Plume: Poems

Paperback | October 11, 2013

byKathleen Flenniken

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The poems in Plume are nuclear-age songs of innocence and experience set in the "empty" desert West. Award-winning poet Kathleen Flenniken grew up in Richland, Washington, at the height of the Cold War, next door to the Hanford Nuclear Reservation, where "every father I knew disappeared to fuel the bomb," and worked at Hanford herself as a civil engineer and hydrologist. By the late 1980s, declassified documents revealed decades of environmental contamination and deception at the plutonium production facility, contradicting a lifetime of official assurances to workers and their families that their community was and always had been safe. At the same time, her childhood friend Carolyn's own father was dying of radiation-induced illness: "blood cells began to err one moment efficient the next / a few gone wrong stunned by exposure to radiation / as [he] milled uranium into slugs or swabbed down / train cars or reported to B Reactor for a quick run-in / run-out." Plume, written twenty years later, traces this American betrayal and explores the human capacity to hold truth at bay when it threatens one's fundamental identity. Flenniken observes her own resistance to facts: "one box contains my childhood / the other contains his death / if one is true / how can the other be true?"

The book's personal story and its historical one converge with enriching interplay and wide technical variety, introducing characters that range from Carolyn and her father to Italian physicist Enrico Fermi and Manhattan Project health physicist Herbert Parker. As a child of "Atomic City," Kathleen Flenniken brings to this tragedy the knowing perspective of an insider coupled with the art of a precise, unflinching, gifted poet.

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The poems in Plume are nuclear-age songs of innocence and experience set in the "empty" desert West. Award-winning poet Kathleen Flenniken grew up in Richland, Washington, at the height of the Cold War, next door to the Hanford Nuclear Reservation, where "every father I knew disappeared to fuel the bomb," and worked at Hanford herself...

Format:PaperbackDimensions:80 pages, 9.25 × 6.14 × 0.26 inPublished:October 11, 2013Publisher:University Of Washington PressLanguage:English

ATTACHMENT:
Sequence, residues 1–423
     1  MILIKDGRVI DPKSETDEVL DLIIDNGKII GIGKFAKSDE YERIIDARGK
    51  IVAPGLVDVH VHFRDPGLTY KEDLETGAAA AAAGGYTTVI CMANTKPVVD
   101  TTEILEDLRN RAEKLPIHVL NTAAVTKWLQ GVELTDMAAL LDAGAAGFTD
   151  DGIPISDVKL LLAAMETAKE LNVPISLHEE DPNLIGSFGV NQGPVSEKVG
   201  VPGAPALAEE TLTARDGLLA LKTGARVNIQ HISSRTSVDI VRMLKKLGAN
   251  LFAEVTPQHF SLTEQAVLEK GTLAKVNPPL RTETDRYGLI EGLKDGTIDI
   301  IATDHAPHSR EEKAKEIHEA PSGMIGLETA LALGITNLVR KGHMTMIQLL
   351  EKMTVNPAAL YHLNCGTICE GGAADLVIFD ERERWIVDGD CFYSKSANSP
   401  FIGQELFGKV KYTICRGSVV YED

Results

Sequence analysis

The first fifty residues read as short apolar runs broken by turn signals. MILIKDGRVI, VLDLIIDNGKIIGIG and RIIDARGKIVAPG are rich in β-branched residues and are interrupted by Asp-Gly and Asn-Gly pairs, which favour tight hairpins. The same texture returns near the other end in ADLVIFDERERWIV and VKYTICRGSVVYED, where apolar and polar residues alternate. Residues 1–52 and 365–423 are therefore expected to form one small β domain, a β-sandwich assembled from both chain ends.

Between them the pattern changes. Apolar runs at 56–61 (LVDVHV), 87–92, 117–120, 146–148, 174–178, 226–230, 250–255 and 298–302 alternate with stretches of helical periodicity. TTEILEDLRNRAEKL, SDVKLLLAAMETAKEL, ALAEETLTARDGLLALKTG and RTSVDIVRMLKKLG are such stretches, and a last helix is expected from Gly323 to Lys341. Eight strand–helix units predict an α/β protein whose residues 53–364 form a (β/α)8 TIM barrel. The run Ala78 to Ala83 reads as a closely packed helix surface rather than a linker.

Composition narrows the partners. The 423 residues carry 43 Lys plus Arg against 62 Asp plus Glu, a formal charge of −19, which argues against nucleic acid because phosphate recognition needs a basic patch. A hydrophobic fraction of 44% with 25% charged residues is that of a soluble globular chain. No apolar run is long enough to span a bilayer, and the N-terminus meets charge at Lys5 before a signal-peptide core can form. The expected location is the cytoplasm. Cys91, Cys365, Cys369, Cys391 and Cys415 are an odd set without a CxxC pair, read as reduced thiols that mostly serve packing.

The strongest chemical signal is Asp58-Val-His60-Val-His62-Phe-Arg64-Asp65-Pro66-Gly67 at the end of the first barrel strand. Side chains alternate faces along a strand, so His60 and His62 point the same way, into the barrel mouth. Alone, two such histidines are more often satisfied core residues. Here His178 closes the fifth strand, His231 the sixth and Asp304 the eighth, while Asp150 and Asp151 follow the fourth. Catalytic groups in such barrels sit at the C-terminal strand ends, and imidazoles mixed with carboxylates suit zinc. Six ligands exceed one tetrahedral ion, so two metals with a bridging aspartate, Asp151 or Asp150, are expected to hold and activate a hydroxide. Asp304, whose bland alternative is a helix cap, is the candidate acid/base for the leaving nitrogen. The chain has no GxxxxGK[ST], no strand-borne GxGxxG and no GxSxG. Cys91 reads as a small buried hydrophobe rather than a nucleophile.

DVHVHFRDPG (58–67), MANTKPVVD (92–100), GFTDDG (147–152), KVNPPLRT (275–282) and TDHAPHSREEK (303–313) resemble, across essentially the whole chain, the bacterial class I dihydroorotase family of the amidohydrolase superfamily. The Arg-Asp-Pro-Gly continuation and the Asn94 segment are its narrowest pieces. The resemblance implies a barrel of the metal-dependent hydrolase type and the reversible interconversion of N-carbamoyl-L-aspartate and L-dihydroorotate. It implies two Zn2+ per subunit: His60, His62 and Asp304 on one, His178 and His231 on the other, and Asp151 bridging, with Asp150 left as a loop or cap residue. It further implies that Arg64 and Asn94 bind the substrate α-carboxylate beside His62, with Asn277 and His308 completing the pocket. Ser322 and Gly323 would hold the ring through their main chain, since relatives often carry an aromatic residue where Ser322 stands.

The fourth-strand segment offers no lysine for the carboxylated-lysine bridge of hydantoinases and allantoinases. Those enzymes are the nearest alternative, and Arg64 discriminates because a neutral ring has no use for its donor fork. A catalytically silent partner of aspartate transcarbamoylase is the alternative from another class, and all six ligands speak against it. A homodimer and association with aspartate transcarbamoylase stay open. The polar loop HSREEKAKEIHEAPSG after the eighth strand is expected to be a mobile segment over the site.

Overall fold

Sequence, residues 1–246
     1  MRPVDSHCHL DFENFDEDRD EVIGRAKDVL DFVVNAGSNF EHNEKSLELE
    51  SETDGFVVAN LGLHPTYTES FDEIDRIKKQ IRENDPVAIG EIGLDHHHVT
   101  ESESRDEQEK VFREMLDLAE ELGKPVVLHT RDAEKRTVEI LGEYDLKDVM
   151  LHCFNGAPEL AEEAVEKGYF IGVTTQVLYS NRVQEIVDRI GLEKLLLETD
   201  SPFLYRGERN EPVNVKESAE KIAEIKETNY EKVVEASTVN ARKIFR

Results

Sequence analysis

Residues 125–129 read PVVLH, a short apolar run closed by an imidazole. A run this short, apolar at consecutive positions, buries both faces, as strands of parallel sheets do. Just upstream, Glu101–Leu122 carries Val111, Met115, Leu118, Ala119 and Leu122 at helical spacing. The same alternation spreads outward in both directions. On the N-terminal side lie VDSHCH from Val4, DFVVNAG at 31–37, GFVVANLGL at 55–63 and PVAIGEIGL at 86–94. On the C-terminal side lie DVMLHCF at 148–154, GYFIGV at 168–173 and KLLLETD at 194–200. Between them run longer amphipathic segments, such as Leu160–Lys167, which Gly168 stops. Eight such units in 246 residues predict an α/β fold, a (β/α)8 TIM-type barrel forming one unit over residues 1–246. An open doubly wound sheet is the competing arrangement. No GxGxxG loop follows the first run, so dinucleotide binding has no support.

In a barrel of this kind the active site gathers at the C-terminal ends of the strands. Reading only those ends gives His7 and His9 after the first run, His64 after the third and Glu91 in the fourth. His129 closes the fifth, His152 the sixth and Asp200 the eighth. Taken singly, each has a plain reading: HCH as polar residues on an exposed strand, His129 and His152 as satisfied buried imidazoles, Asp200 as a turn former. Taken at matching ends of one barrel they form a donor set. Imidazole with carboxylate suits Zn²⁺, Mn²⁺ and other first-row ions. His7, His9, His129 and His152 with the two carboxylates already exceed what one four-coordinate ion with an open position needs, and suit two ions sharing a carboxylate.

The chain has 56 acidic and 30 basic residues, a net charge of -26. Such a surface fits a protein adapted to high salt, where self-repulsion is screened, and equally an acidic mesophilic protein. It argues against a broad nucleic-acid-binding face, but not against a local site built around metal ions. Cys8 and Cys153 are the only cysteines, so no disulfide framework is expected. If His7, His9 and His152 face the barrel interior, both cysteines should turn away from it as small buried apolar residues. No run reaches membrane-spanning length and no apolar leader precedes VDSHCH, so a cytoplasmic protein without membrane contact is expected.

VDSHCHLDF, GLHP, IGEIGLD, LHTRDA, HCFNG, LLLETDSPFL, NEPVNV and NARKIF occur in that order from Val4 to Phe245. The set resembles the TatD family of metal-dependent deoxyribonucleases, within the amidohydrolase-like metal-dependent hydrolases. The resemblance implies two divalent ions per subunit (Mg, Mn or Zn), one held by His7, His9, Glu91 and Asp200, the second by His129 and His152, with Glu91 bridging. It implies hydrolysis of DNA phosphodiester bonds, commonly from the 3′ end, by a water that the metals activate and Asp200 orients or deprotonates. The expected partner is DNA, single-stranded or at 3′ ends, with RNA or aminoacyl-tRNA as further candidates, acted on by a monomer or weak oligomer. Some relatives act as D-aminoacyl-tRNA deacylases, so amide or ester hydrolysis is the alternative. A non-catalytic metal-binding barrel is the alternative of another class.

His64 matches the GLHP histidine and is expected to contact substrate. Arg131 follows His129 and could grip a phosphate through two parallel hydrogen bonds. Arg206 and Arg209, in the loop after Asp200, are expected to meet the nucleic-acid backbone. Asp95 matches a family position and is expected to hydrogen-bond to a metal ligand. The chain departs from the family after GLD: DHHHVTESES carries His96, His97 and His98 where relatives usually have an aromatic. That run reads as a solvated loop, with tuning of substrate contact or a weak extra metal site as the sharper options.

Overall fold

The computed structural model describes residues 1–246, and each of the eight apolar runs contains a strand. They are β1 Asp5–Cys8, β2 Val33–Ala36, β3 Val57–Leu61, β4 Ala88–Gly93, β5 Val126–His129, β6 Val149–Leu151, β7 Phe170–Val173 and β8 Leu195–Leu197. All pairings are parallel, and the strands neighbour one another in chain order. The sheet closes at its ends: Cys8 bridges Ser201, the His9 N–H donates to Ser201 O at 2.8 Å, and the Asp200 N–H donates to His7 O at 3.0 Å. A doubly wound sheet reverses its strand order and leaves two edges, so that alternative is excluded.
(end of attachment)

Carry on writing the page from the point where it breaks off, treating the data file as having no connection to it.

The following ISBNs are associated with this title:

ISBN - 10:0295993901

ISBN - 13:9780295993904

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Extra Content

Table of Contents

Campaign Q&A, Somewhere in Oregon, May 18, 2008

My Earliest Memory Preserved on Film

Rattlesnake Mountain

Map of Childhood

A Great Physicist Recalls the Manhattan Project

Bedroom Community

Document Control

Mosquito Truck

Herb Parker Feels Like Dancing

Richland Dock, 2006

Days of Clotheslines

Whole-Body Counter, Marcus Whitman Elementary

Plume

To Carolyn’s Father

Afternoon’s Wide Horizon

Redaction I

Green Run

Bird’s Eye View

Richland Dock, 1956

On Cottonwood Drive

Self-Portrait with Father as Tour Guide

Interlude for Dancers

Redaction II

Augean Suite

Siren Recognition

Hand and Foot Count

Atomic Man

Radiation!

The Value of Good Design

Again I’m Asked if I Glow in the Dark

The Cold War

Going Down

Reading Wells

Redaction III

Deposition

Song of the Secretary, Hot Lab

Flow Chart

Coyote

Museum of Doubt

Dinner with Carolyn Portrait of My Father

Museum of a Lost America

If You Can Read This

Notes Acknowledgments About the Poet A Note on the Type

Editorial Reviews

The poems in Plume are nuclear-age songs of innocence and experience set in the "empty" desert West. Award-winning poet Kathleen Flenniken grew up in Richland, Washington, at the height of the Cold War, next door to the Hanford Nuclear Reservation, where "every father I knew disappeared to fuel the bomb," and worked at Hanford herself as a civil engineer and hydrologist. By the late 1980s, declassified documents revealed decades of environmental contamination and deception at the plutonium production facility, contradicting a lifetime of official assurances to workers and their families that their community was and always had been safe. At the same time, her childhood friend Carolyn's own father was dying of radiation-induced illness: "blood cells began to err one moment efficient the next / a few gone wrong stunned by exposure to radiation / as [he] milled uranium into slugs or swabbed down / train cars or reported to B Reactor for a quick run-in / run-out." Plume, written twenty years later, traces this American betrayal and explores the human capacity to hold truth at bay when it threatens one's fundamental identity. Flenniken observes her own resistance to facts: "one box contains my childhood / the other contains his death / if one is true / how can the other be true?"The book's personal story and its historical one converge with enriching interplay and wide technical variety, introducing characters that range from Carolyn and her father to Italian physicist Enrico Fermi and Manhattan Project health physicist Herbert Parker. As a child of "Atomic City," Kathleen Flenniken brings to this tragedy the knowing perspective of an insider coupled with the art of a precise, unflinching, gifted poet.The beautifully wrought poems in Plume are as well—tuned morally as they are musically. And their lamentations are epic: hubris and its disastrous consequences, love and betrayal, human folly, human fragility.... Plume is an enormously important and moving work of art. - Sharon Bryan, author of Sharp Stars